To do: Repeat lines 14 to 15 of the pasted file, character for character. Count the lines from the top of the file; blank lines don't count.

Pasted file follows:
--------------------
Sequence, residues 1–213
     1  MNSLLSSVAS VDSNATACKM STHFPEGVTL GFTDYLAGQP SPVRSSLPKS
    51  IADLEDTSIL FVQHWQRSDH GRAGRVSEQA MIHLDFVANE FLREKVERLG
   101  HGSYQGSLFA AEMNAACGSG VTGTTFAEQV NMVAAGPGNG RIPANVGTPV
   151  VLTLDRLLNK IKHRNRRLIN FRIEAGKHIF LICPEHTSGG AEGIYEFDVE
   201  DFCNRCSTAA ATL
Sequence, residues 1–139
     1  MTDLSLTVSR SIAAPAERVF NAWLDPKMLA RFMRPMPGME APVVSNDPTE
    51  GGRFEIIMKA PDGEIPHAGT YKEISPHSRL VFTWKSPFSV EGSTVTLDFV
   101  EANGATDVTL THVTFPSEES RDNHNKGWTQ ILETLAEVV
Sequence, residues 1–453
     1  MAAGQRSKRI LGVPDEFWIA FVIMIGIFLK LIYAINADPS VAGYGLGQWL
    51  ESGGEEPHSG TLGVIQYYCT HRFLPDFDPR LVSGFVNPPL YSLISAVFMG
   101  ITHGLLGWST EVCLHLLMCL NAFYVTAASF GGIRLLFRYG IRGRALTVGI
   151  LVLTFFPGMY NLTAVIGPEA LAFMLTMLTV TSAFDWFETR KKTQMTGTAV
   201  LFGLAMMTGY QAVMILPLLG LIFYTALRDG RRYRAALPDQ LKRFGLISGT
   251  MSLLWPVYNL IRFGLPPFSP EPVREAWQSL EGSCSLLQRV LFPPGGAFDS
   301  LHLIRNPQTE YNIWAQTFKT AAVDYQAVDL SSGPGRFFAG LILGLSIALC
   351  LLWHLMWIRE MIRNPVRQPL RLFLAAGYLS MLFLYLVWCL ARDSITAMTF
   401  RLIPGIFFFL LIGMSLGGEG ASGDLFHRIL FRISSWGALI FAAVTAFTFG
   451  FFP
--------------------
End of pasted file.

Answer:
   101  ITHGLLGWST EVCLHLLMCL NAFYVTAASF GGIRLLFRYG IRGRALTVGI
   151  LVLTFFPGMY NLTAVIGPEA LAFMLTMLTV TSAFDWFETR KKTQMTGTAV